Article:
Monthly Archives: February 2015

Customer Service: Tasks or Customers?

The clerk behind the grocery store service counter was running ragged.  There were five customers backed up waiting to take care of business, from purchasing lottery tickets to returning merchandise and from asking about a coupon to getting a price adjustment.

When it was our turn, we made a comment about how busy it appeared to be.  The clerk replied that it had been hectic all day and that the work they’d been assigned “in the back” was not getting done.  At that point, we began the conversation about staffing the “customer service” counter.

We suggested that the reason they were there in the first place was to take care of customers, not whatever the manager assigned as chores or tasks.  There was agreement before a “but” that prompted our response to let the manager know, in no uncertain terms, that the assigned work was not getting done because they were taking care of customers.

If you are a manager or business owner, it is imperative that your employees understand their first priority:  Take care of the customers!  Reports, stocking shelves, team meetings or whatever else is on your agenda of priorities should always take a back seat to taking care of the people who want to move your merchandise and give you money.  Anything less, in our opinion, is poor management.

Consider this example;  You’re shopping in a store and hear the announcement over the  public address system that all “associates” should assemble in the men’s wear section for a team meeting in five minutes.  What’s your perception?

One could be that you have five minutes to get any help before there is no one available to take care of whatever you might need in terms of service.

Two could be that someone is going to get chewed out and made an example of in front of all the other people on shift.

Three could be the manager has a self-inflated ego about what’s important to the company.

A criminal mind might use that meeting to attempt something illegal.

While we realize it is difficult to hold team meetings when a business operates 24 hours a day, they can be conducted prior to a shift change by paying a few minutes of extra time for staff to show up early.  Consider how the workers feel when they have to stop what they’re doing and ignore customers to attend a group get together that may or may not have significance to their performance.

It is far easier to build employee morale through individual attention.  Corrective action is best achieved one-on-one and while praise for exceptional performance is appreciated in a group environment, it is also a boost when provided face-to-face.

Brand Your Work – Work Your Brand


Old School Advertising

Once upon a time, people looked for information about a business in the yellow pages of their local telephone directory.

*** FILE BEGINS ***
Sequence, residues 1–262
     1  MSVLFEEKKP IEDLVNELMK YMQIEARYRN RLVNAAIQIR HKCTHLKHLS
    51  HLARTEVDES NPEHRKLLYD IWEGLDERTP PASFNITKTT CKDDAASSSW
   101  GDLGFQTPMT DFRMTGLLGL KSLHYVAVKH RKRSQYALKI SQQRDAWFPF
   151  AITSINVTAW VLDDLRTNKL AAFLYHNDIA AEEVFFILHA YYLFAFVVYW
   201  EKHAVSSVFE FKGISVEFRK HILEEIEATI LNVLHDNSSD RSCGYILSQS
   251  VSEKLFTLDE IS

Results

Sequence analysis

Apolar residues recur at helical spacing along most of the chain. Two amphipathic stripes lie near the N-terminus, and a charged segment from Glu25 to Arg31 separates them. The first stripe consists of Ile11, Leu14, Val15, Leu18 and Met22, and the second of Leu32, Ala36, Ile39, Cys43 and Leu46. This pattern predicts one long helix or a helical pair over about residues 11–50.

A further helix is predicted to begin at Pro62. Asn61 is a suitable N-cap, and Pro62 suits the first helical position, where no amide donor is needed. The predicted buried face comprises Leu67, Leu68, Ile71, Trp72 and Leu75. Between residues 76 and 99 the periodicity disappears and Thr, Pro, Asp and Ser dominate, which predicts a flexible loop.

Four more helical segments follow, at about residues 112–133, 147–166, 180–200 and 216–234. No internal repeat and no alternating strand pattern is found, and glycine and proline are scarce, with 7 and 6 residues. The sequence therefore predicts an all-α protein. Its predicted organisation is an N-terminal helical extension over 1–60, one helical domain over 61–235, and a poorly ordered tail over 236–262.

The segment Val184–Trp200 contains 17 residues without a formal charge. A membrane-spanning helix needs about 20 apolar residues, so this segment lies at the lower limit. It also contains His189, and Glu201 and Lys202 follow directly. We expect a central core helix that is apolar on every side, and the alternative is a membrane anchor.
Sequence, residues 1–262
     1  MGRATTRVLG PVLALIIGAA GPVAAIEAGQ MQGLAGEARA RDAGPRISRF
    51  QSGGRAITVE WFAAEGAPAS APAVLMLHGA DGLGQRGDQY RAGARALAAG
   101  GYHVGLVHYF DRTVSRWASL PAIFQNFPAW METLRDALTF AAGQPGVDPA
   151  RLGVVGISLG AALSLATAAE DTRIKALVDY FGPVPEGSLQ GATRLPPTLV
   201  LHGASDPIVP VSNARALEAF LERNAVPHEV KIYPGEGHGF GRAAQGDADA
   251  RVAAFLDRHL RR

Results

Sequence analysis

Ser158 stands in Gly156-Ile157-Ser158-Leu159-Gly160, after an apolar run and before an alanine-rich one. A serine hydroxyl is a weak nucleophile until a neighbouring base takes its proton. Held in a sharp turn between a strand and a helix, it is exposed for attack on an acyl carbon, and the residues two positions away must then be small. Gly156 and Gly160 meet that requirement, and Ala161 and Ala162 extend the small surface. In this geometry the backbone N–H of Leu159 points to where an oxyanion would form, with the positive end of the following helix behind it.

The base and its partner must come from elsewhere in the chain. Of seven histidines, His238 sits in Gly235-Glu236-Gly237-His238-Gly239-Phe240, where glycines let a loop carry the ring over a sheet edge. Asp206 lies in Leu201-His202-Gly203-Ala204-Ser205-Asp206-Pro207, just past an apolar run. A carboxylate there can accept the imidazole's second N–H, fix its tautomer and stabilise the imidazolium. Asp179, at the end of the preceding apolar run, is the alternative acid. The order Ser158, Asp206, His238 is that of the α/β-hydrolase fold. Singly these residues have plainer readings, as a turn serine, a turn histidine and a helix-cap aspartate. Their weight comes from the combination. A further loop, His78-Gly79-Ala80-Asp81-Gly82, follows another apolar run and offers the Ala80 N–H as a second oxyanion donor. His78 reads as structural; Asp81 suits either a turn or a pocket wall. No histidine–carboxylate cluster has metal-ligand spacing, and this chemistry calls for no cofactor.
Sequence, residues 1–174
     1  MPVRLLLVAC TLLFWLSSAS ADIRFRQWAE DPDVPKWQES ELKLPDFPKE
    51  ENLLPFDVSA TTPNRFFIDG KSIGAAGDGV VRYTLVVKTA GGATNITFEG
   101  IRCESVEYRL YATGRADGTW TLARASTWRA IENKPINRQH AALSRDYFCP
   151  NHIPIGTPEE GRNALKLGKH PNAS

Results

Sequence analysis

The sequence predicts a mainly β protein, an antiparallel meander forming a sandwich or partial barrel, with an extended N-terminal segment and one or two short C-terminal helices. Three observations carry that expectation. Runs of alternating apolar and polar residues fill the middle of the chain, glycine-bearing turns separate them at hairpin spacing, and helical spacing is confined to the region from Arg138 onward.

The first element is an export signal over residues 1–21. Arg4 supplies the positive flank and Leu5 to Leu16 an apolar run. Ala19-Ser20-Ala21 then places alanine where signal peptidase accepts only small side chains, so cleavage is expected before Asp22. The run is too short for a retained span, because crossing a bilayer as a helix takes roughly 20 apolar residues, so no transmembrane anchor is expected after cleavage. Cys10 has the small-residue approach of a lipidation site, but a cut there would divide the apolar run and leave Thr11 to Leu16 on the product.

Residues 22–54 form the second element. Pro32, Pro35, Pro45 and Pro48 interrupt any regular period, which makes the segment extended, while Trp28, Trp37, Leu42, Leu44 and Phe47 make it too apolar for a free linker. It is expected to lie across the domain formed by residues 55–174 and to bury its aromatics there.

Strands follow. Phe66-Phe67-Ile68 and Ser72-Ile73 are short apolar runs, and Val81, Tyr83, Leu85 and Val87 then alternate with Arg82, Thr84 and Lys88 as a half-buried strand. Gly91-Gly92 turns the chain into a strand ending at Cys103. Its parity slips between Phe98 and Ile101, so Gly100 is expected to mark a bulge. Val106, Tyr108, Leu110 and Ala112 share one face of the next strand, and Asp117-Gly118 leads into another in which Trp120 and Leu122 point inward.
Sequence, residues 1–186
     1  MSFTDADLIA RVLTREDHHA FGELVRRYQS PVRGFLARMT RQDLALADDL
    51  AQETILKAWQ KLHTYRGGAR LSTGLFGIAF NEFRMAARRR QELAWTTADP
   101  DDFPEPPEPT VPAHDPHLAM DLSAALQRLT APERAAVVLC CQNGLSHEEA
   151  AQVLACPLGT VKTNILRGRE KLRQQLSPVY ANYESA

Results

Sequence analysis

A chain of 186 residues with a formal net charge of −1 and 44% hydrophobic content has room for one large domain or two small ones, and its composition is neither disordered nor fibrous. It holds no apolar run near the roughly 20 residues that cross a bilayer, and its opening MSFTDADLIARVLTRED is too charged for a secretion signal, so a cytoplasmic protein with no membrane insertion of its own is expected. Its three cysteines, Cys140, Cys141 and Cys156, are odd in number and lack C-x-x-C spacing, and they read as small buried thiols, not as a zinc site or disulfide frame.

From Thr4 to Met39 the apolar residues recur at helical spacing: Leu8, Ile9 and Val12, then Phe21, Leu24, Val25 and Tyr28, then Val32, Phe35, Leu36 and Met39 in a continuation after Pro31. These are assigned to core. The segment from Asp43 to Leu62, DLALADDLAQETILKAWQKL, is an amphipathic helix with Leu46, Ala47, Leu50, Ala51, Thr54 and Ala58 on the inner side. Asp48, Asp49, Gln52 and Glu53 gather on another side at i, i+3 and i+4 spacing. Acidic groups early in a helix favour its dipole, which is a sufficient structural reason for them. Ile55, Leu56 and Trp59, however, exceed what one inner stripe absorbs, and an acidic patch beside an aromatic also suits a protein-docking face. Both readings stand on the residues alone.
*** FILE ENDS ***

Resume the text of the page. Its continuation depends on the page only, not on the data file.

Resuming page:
Yellow PagesIf a business placed an advertisement in that directory, it was wise to be the first company listed under the desired category.  The “old school” method of naming your company, therefore, was to have a title such as All American Plumbing or AAA Heating & Cooling.  The idea was that the consumer would dial your number first because you were first in your category.

In a sense, they were following the #1 immutable law of marketing;  The Law of Leadership.

Fast forward to 2015 and the world of electronic communication.  Searching the phone directory for a business listing has been following the path of the dinosaurs for a number of years, with the end not too far away.  Today it is much faster and more efficient to look for a business using a web browser on a smart phone, laptop, tablet, or similar electronic device.

In many cases, the listing enables the online user to call the business directly from the listing, view the website, or discover the hours of operation among other choices.

So, although the old school theory of using the first letter of the alphabet to lead the way in a business listing is passe, the law of leadership still applies.

If a potential consumer does not know the specific name of your product, business, or company and chooses to search by a generic category such as “plumber” or “Italian restaurant,” it is critical that your business comes up on the first page of search results, preferably leading the way by being first on the page.  Search engines are intuitive enough to know your location, so searching for an Italian restaurant when you’re in Chicago is not likely to return a result for Poughkeepsie, New York.

The bottom line:  You want to be on the first page of search results!  Statistics have shown that 74% of users will not go beyond that first page.  If your business is not there, you are out of the picture, and will wonder why your website isn’t generating the results you expect.

How do you do it?  One way we recommend is to work with a consulting firm with a proven track record.  Just building a web presence is not enough in today’s competitive environment.  You need the right key words and strong page descriptions, but you also need to understand your market segments – not everyone needs what you offer – and provide relevant content that entices your ideal audience members to use your products and become loyal to your brand.

Brand Your Work – Work Your Brand